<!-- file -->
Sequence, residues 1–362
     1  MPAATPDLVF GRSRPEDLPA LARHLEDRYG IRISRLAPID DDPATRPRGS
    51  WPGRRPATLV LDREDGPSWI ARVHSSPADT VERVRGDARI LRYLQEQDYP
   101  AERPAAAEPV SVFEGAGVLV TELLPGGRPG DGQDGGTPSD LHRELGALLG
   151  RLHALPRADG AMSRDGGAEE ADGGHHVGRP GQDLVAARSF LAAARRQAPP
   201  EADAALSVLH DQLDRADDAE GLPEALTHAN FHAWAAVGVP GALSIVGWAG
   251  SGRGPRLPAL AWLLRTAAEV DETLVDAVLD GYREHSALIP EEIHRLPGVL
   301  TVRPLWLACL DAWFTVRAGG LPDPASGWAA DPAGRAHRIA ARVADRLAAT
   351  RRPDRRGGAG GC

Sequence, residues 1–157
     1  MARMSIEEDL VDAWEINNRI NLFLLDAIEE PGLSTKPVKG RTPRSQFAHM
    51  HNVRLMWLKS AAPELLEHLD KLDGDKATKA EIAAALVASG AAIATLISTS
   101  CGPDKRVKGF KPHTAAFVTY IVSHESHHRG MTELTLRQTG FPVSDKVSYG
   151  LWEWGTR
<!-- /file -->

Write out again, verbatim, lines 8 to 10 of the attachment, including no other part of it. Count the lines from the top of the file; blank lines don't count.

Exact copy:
   301  TVRPLWLACL DAWFTVRAGG LPDPASGWAA DPAGRAHRIA ARVADRLAAT
   351  RRPDRRGGAG GC

Sequence, residues 1–157